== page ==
Truth be told no matter which season I watch of this show lately, I end up with the same feeling at the end of it. The series may be wearing out its welcome for some and I doubt I’ll ever re-watch an episode of the series ever again (there are simply too many episodes—while I can easily pick out my favorite Futurama episodes by name, I’ve no such relationship with this series…it’s like picking out your favorite number when it can go from one to infinity), but for me The Simpsons will always be a reliable series to go to for laughs no matter what. This thirteenth season definitely wasn’t flawless by any means, but it’s still a Recommended outing for those like me who have yet to experience it (at least in its entirety—some of these I remember from syndication…although now that we’re into episodes that aired from 2001 – 2002, I may have actually seen some of these as they aired…I don’t remember anymore).
Good news and bad news: while the slimmed down packaging presented a few seasons back season has returned, the same cardboard fold out has remained as well. But as a way to better deal with this cardboard slipcase packaging they’ve retained the cut-out holes from the season twelve set to aid in slipping the discs in and out easier—which, thankfully, works, as I wasn’t jamming my finger in that cardboard cave in an attempt to retrieve the disc. Inside the colorful (and quite beautiful) foldout are the four discs, each with their own unique disc art and a near thirty page booklet that details each episode, the special features associated with each and the chapter titles for the episodes. Exhaustive and incredibly well done, these sets are some of the finest examples of TV on DVD that there is.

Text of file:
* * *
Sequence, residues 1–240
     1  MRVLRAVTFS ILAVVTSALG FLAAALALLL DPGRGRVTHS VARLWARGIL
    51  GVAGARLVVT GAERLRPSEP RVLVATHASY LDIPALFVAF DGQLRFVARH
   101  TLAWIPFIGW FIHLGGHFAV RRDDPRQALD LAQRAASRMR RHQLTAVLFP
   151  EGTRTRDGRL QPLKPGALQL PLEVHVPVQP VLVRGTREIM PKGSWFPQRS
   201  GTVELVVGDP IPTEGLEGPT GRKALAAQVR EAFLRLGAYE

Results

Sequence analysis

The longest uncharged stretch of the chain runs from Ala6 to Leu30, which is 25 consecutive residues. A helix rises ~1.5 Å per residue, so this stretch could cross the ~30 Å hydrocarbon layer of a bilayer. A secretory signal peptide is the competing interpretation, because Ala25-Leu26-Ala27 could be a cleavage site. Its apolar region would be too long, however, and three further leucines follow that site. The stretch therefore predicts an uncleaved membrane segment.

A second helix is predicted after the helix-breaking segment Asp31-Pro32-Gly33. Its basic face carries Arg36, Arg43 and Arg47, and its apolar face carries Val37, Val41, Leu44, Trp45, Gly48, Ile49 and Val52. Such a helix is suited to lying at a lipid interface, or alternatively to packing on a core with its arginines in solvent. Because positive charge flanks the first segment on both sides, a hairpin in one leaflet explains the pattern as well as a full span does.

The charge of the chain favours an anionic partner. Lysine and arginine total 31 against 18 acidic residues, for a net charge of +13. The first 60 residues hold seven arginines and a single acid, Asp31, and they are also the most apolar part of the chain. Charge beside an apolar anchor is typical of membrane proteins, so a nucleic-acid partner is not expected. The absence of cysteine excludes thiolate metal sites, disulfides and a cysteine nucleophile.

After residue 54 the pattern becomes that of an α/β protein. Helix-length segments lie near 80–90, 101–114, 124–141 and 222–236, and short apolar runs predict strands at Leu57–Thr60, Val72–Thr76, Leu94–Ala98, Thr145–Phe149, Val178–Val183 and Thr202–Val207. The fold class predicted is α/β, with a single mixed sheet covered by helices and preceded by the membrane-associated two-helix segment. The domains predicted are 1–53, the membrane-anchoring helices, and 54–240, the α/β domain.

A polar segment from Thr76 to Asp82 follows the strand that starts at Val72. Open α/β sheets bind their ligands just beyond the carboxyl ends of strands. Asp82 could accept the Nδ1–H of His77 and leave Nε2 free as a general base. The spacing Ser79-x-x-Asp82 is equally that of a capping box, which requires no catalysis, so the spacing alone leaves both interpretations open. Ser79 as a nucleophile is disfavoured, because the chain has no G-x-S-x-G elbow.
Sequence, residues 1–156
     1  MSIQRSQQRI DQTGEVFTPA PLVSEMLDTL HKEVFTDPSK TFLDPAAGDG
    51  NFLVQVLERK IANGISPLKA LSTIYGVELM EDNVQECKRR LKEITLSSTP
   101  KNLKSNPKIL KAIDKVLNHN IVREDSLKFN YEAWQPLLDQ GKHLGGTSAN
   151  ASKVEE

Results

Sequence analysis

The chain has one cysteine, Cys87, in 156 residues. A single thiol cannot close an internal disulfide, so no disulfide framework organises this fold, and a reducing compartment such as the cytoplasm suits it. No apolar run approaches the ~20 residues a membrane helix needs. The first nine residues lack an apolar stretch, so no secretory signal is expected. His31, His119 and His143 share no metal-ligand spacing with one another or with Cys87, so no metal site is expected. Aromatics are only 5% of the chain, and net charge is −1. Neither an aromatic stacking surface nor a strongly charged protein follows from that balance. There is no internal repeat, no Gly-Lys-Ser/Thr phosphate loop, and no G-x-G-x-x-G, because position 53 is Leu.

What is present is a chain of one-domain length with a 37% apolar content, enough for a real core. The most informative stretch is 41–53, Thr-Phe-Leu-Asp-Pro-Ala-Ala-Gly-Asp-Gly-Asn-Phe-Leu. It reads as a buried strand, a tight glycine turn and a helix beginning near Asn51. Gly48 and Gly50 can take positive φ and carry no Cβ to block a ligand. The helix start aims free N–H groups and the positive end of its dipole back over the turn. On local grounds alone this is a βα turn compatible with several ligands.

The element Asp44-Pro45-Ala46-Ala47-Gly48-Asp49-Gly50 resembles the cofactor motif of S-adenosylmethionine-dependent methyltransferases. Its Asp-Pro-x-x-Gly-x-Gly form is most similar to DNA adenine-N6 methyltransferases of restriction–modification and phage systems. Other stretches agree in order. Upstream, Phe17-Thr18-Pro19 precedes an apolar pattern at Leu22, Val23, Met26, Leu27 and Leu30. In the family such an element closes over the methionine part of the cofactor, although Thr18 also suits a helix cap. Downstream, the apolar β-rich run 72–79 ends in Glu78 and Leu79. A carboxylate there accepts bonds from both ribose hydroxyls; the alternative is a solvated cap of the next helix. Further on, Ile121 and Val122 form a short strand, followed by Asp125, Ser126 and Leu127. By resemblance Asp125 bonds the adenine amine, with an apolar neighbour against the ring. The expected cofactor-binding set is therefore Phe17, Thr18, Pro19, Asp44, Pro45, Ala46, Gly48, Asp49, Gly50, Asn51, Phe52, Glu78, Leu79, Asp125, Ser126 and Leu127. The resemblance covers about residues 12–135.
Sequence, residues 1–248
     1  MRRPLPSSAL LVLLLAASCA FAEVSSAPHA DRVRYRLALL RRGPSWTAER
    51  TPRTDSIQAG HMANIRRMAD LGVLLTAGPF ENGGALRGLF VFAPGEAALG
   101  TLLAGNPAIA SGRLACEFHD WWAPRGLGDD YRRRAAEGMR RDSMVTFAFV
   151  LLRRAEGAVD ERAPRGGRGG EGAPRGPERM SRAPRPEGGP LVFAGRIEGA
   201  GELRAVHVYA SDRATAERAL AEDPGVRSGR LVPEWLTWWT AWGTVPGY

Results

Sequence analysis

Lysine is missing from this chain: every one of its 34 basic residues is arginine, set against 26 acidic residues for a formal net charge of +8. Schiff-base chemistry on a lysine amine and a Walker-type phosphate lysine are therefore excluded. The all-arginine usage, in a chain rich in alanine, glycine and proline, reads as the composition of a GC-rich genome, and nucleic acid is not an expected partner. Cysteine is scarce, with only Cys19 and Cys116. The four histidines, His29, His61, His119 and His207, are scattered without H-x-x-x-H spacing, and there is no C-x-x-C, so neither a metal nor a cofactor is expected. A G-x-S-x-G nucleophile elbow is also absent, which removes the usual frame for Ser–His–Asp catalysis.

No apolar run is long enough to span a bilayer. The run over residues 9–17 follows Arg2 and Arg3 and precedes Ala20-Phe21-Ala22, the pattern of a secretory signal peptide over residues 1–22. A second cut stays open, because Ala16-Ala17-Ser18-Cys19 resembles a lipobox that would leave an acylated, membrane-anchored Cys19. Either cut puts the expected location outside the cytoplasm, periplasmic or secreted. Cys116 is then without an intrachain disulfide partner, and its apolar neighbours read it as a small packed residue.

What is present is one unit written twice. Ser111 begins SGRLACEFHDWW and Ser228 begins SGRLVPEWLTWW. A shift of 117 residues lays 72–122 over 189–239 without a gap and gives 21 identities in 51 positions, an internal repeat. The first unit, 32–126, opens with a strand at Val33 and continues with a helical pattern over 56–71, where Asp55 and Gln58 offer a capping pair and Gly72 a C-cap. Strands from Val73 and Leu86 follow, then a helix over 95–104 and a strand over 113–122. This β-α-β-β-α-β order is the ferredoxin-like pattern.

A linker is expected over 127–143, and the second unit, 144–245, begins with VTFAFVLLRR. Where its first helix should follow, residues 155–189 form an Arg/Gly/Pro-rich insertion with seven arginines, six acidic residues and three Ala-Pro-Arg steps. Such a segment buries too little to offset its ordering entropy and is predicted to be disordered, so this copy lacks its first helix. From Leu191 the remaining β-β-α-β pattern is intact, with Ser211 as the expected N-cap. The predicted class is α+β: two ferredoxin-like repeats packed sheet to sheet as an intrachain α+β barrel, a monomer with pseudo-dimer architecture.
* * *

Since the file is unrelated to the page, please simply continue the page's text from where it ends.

And that example carries over into the absolutely flawless DVD transfers for these episodes. I’m used to watching Blu-ray now but the colors were so sharp and bright on these DVD transfers that I was genuinely amazed by how beautiful they looked on my TV. Paired with a DD5.1 mix that is mostly front focused but also not afraid to reach into the surrounds and thump its chest with the subwoofer when the occasion calls for it, the A/V presentation of this season is nothing short of fantastic. It should also be noted that this is the last season that was animated using traditional cel animation, so as clear as these look future seasons should start to look like the 20th season that saw release earlier this year.
Extras are bountiful as always and include:
•Audio commentaries on every episode featuring executive producers, writers, directors, cast and notable guest stars on select episodes including Stan Lee, Joe Mantegna, Delroy Lindo, Robert Pinsky and others.
-A Token from Matt Groening
-The People Ball
-The 13th Crewman
-Blame It On The Monkeys
-The Sweet Life of Ralph
•Animation Showcases for eps. The Parent Rap and Sweet & Sour Marge
-Animatic with episode PIP
-Storyboard with episode PIP
•Special Language Feature
While the non-commentary extras aren’t quite as plentiful as they usually are, the fact we once again get a full gambit of tracks for every episode (even the abysmal ones) is the major plus here. Fans will obviously be the main focus for these tracks, but newcomers should enjoy them just as much.
Overall another Recommended season set. As long as they keep piling the commentaries on, I doubt these sets will ever not be something fans want to own.
The Simpsons – The Thirteenth Season is now available on DVD and Blu-ray.